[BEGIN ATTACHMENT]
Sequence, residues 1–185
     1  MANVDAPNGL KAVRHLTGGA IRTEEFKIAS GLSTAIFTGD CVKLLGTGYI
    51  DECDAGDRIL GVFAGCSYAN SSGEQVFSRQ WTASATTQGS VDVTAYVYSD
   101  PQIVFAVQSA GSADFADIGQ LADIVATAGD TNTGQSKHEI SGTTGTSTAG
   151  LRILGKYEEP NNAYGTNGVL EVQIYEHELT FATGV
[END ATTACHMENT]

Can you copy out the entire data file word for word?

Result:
Sequence, residues 1–185
     1  MANVDAPNGL KAVRHLTGGA IRTEEFKIAS GLSTAIFTGD CVKLLGTGYI
    51  DECDAGDRIL GVFAGCSYAN SSGEQVFSRQ WTASATTQGS VDVTAYVYSD
   101  PQIVFAVQSA GSADFADIGQ LADIVATAGD TNTGQSKHEI SGTTGTSTAG
   151  LRILGKYEEP NNAYGTNGVL EVQIYEHELT FATGV